I’ve been to Planned Parenthood twice in my life. The first time was after my sexual assault. The second time was as a single, uninsured mother.
The first time, I was scared. I was unsure of what would happen to me or what had actually happened to me. It had been a late night. I had been presenting a paper at an undergraduate conference, which I had traveled to alone, and gone out with some other students. I woke up, bruised and sick. I skipped the presentations and a networking session to take a cab to a Planned Parenthood. I knew of nowhere else to go. I suppose I could have gone to the police, but I had seen what happened to one of my sisters when she reported her assault. I had fought so hard to go to college, I didn’t want to have to go home. I didn’t want to face the countless questions of “what did you do?” and “why didn’t you just…?” I was also very poor, washing my hair with hand soap, and living off Doritos in order to scrape together enough money to pay for toothpaste.
I don’t remember much about my visit. Just that they gave me a checkup. Assured me I would be OK. I remember the nurse hugging me, reminding me my life was not over. I had choices.
Sixteen years later, I was in a different situation. Temporarily uninsured, tired, going through a divorce and short on money. I needed a checkup and knew where I could find one. I made an appointment.
A war is being waged under the banner of saving the babies, but the carnage is the health and safety of women. In 2017, four clinics in the state were forced to close after the Iowa Legislature blocked state funding from going to abortion providers. This week, Planned Parenthood was bullied out of the Title X grant program. A new rule by the administration barred Title X recipients from referring patients to abortion providers except in cases of rape, incest and medical emergencies. Planned Parenthood and other clinics left the program because the rule knee-capped their providers and undermined the level of care they could provide to their patients.
Gov. Kim Reynolds’ Family Planning Program was supposed to fill the gap. Recent data from Planned Parenthood North Central States shows that the FPP isn’t serving women’s needs, and Planned Parenthood patients are not being picked up by other providers. In addition, in the counties where the clinics closed, cases of sexually transmitted infections increased 20 percent in the first year. In the six years before the closures, the average increase was 2 percent. Des Moines County, which lost its clinic in 2017, saw a 256 percent rise in cases of gonorrhea. Lee County, another county affected, saw a 184 percent rise.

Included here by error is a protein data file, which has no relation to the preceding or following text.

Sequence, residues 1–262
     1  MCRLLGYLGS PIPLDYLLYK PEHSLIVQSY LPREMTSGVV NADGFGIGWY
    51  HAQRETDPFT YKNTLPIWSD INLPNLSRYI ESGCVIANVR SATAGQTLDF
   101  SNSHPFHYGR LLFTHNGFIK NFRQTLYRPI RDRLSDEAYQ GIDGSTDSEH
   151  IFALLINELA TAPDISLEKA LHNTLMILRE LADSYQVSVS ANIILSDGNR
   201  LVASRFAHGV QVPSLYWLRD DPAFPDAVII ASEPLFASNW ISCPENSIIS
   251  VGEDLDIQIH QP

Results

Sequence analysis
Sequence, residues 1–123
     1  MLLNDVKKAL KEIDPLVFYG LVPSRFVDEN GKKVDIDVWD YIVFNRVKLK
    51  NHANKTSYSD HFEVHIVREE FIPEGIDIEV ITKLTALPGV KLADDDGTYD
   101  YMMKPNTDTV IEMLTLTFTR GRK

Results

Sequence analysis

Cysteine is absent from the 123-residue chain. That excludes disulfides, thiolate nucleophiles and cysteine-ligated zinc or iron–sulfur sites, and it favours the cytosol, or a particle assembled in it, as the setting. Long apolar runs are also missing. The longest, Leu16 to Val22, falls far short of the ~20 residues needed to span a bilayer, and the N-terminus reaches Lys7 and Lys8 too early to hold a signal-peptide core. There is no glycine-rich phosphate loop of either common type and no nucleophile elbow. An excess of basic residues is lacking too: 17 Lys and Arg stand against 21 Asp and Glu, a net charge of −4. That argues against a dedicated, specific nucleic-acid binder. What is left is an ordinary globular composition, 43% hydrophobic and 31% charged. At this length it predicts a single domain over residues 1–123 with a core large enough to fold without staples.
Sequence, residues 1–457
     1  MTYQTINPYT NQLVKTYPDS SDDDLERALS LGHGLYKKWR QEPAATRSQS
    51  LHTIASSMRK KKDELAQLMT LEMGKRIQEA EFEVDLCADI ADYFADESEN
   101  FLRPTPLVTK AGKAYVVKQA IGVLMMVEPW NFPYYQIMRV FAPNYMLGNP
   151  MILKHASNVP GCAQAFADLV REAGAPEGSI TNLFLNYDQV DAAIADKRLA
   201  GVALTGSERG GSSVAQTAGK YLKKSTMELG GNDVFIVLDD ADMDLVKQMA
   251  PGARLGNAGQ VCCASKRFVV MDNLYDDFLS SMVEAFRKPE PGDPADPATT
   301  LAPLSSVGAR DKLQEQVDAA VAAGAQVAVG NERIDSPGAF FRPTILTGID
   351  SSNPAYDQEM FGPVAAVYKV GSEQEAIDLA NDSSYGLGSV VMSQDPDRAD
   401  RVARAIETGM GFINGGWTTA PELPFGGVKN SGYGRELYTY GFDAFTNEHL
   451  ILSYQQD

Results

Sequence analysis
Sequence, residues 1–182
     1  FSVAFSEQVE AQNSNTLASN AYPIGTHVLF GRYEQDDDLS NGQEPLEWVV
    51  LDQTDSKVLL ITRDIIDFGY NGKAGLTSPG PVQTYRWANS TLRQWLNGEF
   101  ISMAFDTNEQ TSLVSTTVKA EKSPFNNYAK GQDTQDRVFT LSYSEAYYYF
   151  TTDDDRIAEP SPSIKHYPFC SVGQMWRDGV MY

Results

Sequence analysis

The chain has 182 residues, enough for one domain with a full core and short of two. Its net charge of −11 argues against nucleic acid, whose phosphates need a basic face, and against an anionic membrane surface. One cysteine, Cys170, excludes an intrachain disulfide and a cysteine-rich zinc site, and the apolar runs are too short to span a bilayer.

Before Planned Parenthood left Title X, low-income patients could receive treatment at no cost. Now the clinics will be forced to implement a sliding scale. Women, who once received birth control for free, will now have to pay out of pocket. It’s a difficult burden on women in Iowa who are already seeing an increased maternal mortality rate, and the changes will add yet another roadblock to care for people of color, young people, rural residents, trans people and so many others.
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It’s easy to rally around the supposed loss of the lives of fetuses. But, if this was truly about babies, then there would be better sex education in schools, more concern for the children trapped in cages at the border. People tell me the clinics are grounds for mass genocide, but I’ve been there. I’ve been a patient. I never saw murder, what I saw was care.
The first time I visited a Planned Parenthood, I wasn’t pregnant. I didn’t have an abortion. I don’t know what I would have done had the outcome been different. But I do know, whatever happened it would have been my choice. A choice protected by law. A choice that every woman should have the ability to make when she needs to.
What this war is really about is who controls women — our bodies and our choices. Under Reynolds, our state has become a testing ground for policies that erode our autonomy — a Trojan horse, trundling in our slow destruction. Rural hospitals are closing. OB clinics shuttering. The FPP is failing and it’s complete crickets from the governor’s office regarding plans to support women and mothers in the state. Sen. Chuck Grassley had an entire meeting about rural health care that didn’t once mention women and the crises of care we are facing. Not once.
The crusade to save the babies is gutting the very places in this state that provide vital care. And this misinformed campaign is coming at the cost of our well-being. I don’t know how to say this, but we have to care about all people, not just the hypothetical ones.
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